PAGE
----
Trumpcare in the House

With a 217-213 vote along party lines, the Republican controlled House of Representatives passed its GOP replacement for the Affordable Care Act better known as Obamacare.

The bill now goes to the Senate. There it will either be passed, changed, or ignored. Unlike the House where it takes only a majority to pass legislation, the Senate usually needs 60 votes.

And if the passed through the budget  reconciliation process, Republicans can only afford to lose three GOP Senators.

GOP Senator Says He Can’t Support House O’Care Repeal Bill As It Stands

Unlike the House, Senators answer to an entire state. You can’t gerrymander districts to protect seats or dilute minority voting blocks. Senators answer to everybody.

And cutting medical access, because money does equal access, won’t go down well on a state level. and the estimated 14 million people losing insurance/medical access in 2018 will not be happy.

And neither will their friends and families.

 

 

Medicaid Cuts

If enacted, the Congressional Budget Office estimates over the next 10 years the American Health Care Act will cut $880 billion in federal funds from Medicaid. These cuts would leave up to 24 million people without health insurance over the same time period.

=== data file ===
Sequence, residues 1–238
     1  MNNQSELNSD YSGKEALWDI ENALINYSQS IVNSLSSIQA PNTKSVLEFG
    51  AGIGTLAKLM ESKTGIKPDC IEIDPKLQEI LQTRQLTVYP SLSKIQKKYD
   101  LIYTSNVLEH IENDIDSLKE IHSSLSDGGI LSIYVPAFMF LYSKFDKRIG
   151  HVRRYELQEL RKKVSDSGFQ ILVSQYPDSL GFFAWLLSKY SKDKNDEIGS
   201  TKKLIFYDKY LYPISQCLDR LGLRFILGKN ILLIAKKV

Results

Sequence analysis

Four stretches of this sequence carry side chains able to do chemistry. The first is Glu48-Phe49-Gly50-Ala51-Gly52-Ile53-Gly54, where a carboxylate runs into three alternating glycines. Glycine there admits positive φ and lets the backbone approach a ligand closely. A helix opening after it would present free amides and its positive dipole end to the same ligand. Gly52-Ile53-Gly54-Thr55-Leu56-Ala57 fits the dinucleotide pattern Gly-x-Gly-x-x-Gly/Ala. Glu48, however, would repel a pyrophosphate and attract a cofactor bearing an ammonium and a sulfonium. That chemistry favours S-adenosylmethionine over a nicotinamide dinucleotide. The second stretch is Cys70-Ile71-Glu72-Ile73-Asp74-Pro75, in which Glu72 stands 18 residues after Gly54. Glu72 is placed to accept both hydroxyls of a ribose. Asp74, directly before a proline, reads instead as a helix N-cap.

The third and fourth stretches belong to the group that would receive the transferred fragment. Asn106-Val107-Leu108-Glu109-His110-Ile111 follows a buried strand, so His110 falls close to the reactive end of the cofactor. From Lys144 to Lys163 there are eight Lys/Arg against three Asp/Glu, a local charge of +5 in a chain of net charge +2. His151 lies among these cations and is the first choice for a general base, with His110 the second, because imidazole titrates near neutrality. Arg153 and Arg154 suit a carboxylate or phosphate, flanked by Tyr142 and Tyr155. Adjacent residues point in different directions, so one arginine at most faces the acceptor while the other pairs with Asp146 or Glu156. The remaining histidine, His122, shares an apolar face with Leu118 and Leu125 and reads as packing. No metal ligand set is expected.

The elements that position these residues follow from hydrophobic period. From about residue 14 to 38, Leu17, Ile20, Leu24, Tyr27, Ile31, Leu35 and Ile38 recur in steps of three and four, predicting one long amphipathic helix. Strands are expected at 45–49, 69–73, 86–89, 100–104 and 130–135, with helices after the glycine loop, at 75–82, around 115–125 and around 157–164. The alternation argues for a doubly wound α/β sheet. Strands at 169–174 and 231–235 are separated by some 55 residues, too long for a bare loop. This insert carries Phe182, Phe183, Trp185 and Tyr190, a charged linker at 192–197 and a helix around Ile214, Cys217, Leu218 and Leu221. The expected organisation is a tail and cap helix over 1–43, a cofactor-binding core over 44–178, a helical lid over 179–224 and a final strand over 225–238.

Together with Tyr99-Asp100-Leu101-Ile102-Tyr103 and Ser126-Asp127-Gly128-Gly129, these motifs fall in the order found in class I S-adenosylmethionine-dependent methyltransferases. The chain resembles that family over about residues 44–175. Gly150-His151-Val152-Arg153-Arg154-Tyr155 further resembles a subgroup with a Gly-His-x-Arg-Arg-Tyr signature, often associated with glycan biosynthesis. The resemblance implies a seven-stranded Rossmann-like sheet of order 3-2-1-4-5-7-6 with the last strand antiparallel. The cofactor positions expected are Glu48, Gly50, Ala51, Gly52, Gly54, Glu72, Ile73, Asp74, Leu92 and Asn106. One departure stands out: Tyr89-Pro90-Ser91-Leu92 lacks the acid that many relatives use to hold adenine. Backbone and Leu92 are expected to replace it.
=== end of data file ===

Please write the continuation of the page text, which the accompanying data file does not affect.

Under the Affordable Care Act, Medicaid expanded coverage to around 11 million people.

http://www.nbcnews.com/politics/white-house/trump-s-backing-healthcare-plan-breaks-his-promises-n733031

http://www.vox.com/2017/3/13/14914812/trump-ahca-medicaid-cuts

http://www.slate.com/blogs/moneybox/2017/03/14/conservatives_can_t_debunk_the_cbo_s_blockbuster_report.html

http://www.nola.com/politics/index.ssf/2017/03/mitch_landrieu_trump_blatantly_1.html

Mr. Trump ran promising repeal and replace the Affordable Car Act with something better. He also promised not to make cuts to Medicaid or Social Security. The American Health Care Act breaks both these promises.

Trumpcare Scare

Monday, the non-partisan Congressional Budget Office reported that repealing and replacing the Affordable Care Act with the current House Republican plan will result in 14 million Americans losing insurance coverage this year. From there, the numbers just get worse. The estimate projects 21 million Americans will lack insurance in 2020, and 24 million will go without in 2026.

The new House Republican health plan, titled the American Health Care Act, is really just a tax bill. Among other things, it eliminates tax penalties on people who chose not to purchase insurance. It also eliminates taxes currently used to pay for health care subsidies. These cuts are essentially a ten year $600 billion tax cut benefiting the wealthiest Americans.

https://www.washingtonpost.com/news/powerpost/paloma/daily-202/2017/03/14/daily-202-cbo-bombshell-is-going-to-force-changes-to-health-care-bill/58c73ea6e9b69b1406c75d65/?utm_term=.229ddee2f10e

http://www.vox.com/policy-and-politics/2017/3/14/14923784/christopher-ruddy-medicaid

http://www.msnbc.com/rachel-maddow-show/paul-ryan-wont-escape-blame-failing-health-care?cid=sm_fb_maddow